The Liberation of the Philippines, 1944-45
Australian participation in the campaign for the liberation of the Philippines involved over 4,000 personnel from the Royal Australian Navy (RAN), Australian Imperial Force (AIF) and Royal Australian Air Force (RAAF). Australians fought and died in Allied sea, air and land operations in Leyte, Surigao Strait, and Lingayen and in other campaigns around the Philippines.
The Navy was present at the Battle of Leyte Gulf (Surigao Strait, Samar and Cape Engano), 20 to 25 October 1944. Australian Army personnel served in No.1 Wireless Unit, and some others – escaped prisoners from Sandakan in North Borneo –joined the military forces in the Philippines. The RAAF contribution came primarily from operational forces which were not physically based in the Philippines (such as Beaufighter aircraft based at Morotai) but were active in front-line operations in the Southern Philippines. Other local support came primarily from Airfield Construction Squadrons and Wireless Units.
RAN records indicate that 59 Australians were buried “at sea in position” and 17 were recorded as “missing presumed killed”. Two Army personnel (escaped prisoners from Sandakan) died in the Philippines serving with the 1st Battalion, 125th US Infantry Regiment. RAAF records indicate that 12 members were killed or missing in “the Philippines area”, but none are buried in the Philippines. In addition, there were 1,035 Australian nationals (including 845 Army prisoners of war, mostly from Rabaul) who died when the Japanese cargo vessel Montivideo Maru (one of the Japanese “hell ships”) was sunk about 65 miles west of the northern tip of Luzon.
In April 2015, on the occasion of the Centenary of ANZAC, a memorial was dedicated to the crew of Royal Australian Air Force (RAAF) Catalina A24-64. The Dabster (meaning ‘the best’) is believed to have been lost over Bataan. Read more here.
Australian Defence Participation in the Philippines
The Defence Section of the Australian Embassy acts as a conduit between the Defence organisations of Australia and the Republic of the Philippines to enhance the military relationship between the two countries. The 2013 Defence White Paper recognises the Philippines remains an important long-standing defence partner for Australia. Our relations are based on common regional security concerns and shared interests as long standing United States treaty partners. Our defence engagement will continue to focus on three main streams: maritime security, counter terrorism and assistance to the Philippine Defense Modernisation Program.
The Defence Section also facilitates visits to Australia by officials of the Department of National Defense, the Armed Forces of the Philippines, the Philippine Coast Guard and other related agencies, including students attending courses conducted in Australia. In 2012, there were 85 Philippine military and security personnel who attended training, seminars or official visits to Australia. Almost three times that number received training in the Philippines by Australian Defence Force Mobile Training Teams.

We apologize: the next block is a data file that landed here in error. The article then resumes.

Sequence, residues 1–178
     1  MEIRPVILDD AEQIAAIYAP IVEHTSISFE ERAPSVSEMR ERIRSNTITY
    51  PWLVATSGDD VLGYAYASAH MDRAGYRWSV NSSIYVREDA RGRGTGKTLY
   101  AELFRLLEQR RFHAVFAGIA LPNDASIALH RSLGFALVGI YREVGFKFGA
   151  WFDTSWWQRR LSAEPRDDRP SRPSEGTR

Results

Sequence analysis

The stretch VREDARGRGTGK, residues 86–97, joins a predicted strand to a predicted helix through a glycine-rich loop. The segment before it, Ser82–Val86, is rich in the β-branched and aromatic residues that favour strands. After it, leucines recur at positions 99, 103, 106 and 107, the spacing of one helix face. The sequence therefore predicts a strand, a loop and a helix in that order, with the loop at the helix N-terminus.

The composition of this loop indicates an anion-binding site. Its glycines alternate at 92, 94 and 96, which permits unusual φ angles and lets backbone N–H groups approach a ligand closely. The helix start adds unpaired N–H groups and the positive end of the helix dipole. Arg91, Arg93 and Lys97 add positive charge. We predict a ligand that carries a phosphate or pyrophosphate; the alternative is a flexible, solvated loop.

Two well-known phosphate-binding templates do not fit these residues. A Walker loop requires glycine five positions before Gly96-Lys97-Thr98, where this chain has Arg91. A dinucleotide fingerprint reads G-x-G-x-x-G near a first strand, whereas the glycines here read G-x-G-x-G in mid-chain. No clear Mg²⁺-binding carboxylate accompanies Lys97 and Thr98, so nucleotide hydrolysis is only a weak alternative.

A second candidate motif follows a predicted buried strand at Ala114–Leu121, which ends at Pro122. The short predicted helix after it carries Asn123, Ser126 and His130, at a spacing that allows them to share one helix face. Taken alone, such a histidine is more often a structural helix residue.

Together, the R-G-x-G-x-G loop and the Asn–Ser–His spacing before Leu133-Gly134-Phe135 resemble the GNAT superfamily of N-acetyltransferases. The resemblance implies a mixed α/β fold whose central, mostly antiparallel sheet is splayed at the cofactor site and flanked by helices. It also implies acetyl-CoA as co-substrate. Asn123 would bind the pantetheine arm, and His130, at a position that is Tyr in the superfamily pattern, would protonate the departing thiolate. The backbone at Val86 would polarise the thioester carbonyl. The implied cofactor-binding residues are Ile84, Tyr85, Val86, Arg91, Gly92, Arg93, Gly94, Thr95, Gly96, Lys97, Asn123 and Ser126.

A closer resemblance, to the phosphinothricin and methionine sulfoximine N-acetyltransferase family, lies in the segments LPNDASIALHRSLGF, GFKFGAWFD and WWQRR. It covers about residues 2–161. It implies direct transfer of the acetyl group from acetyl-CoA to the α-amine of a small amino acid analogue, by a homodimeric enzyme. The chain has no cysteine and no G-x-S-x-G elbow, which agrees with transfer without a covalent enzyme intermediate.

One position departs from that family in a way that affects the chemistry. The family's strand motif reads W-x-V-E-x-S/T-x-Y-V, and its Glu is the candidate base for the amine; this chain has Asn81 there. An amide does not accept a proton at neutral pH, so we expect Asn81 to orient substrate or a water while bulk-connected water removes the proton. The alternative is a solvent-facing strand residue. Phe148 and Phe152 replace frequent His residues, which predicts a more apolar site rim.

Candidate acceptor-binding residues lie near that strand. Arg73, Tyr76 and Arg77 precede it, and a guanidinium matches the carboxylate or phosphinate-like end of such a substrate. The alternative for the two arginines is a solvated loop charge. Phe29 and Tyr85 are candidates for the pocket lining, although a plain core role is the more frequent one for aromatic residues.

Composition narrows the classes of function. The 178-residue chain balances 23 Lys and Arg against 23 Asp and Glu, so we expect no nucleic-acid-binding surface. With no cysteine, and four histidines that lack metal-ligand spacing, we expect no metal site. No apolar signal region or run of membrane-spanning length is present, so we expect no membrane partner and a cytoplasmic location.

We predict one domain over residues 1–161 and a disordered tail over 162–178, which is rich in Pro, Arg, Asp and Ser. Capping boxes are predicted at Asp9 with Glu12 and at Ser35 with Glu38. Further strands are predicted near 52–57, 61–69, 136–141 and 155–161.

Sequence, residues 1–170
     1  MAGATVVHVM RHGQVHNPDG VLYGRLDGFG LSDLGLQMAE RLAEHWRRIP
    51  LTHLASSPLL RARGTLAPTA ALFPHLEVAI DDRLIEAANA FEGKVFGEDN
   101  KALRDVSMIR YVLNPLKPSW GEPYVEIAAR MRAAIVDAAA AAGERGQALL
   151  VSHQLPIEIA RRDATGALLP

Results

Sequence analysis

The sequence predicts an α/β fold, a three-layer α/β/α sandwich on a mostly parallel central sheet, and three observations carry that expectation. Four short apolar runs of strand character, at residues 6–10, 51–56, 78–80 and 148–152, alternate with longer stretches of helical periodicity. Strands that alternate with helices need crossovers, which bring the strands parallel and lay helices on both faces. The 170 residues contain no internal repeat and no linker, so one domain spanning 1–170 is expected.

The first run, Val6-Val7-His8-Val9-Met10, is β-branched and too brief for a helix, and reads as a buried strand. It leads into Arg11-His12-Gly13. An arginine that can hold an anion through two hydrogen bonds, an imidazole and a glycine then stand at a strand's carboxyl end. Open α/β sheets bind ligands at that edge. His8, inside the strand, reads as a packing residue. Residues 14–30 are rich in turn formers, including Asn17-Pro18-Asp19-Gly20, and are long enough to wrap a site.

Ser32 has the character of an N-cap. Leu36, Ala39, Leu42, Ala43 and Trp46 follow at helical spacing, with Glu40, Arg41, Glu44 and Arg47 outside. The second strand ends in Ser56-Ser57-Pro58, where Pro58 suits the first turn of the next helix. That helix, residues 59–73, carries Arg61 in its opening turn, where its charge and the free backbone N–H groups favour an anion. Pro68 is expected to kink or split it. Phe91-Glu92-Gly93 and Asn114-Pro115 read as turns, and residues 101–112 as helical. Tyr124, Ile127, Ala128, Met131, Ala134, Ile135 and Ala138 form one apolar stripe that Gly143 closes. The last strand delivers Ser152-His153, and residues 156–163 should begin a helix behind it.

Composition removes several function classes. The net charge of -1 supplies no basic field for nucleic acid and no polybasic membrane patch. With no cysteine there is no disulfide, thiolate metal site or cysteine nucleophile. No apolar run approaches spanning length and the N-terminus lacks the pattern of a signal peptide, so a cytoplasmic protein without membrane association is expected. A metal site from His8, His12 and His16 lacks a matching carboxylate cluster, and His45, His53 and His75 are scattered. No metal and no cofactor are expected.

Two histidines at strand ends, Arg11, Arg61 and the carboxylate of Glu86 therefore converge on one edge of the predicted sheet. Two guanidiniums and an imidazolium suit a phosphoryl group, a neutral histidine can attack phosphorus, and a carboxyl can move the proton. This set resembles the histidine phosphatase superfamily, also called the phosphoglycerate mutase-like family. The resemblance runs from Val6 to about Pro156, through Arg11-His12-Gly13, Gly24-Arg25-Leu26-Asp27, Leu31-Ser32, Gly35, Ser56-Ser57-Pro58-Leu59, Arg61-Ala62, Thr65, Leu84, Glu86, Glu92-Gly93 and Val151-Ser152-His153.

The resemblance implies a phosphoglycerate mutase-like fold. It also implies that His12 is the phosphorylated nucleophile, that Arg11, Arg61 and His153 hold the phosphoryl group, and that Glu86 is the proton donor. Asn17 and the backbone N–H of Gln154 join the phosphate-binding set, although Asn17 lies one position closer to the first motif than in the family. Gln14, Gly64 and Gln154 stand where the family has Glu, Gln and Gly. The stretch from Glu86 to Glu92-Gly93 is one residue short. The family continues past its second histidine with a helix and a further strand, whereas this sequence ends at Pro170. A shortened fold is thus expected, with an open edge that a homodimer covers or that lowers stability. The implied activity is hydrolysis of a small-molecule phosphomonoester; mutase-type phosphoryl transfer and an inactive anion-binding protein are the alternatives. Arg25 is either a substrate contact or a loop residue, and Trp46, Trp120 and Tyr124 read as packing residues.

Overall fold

The Defence Section arranges and hosts visits to the Philippines by members of the Australian Department of Defence and related agencies, as well as attending to visiting Australian ships, aircraft and personnel in all areas of the Philippines, Australian Defence Industry representatives and other interested parties, to enable them to meet their counterparts and customers within the country. The Defence Section generally acts as an experienced group of in-country facilitators in any Defence-related activity involving both Australia and the Philippines. In 2012, there were 380 official Australian Defence visitors to the Philippines. The highlight was the visit of HMAS SYDNEY.
Defence Cooperation Program
The bilateral defence relationship is largely supported through reciprocal training under the Defence Cooperation Program (DCP). This program sees both Australian and Philippine Service personnel and civilians undergoing training in both countries and has been formalised with the ratification of the Status of Visiting Forces Agreement (SOVFA). Training includes long-term professional development courses for personnel at Defence institutions in Australia and the Philippines, Mobile Training Team visits to various Philippine bases, and the attendance by Philippine Service personnel and civilians at individual training courses in Australia. To strengthen and maintain the bilateral relationship, Defence Cooperation dialogue is held annually to review and adjust the reciprocal training continuum. The Australian Defence Force also sponsors a number of Armed Forces of the Philippines and Philippine Coast Guard personnel to undertake masters level degree studies in Australia.
Philippine Australian Defence Scholars Association
The Philippine Australian Defence Scholars Association Incorporated (PADSA) has existed in Manila since 2001. Membership of PADSA is open to graduates of Australian Defence courses and Defence-sponsored training, and is aimed at promoting fellowship amongst Australian military training graduates and Australian graduates of Philippine training.
PADSA is an avenue whereby personnel who have undergone Australian Defence courses or Defence-sponsored training are able to interact and foster friendship and camaraderie between and among members. PADSA membership is open to current and retired members of the Department of National Defense, the Armed Forces of the Philippines or the Philippine Coast Guard who have benefited from the Australian Defence Cooperation Program.
Inquiries about PADSA can be directed to email@example.com.
For more information on the Australian Defence Force (ADF), go to: www.defence.gov.au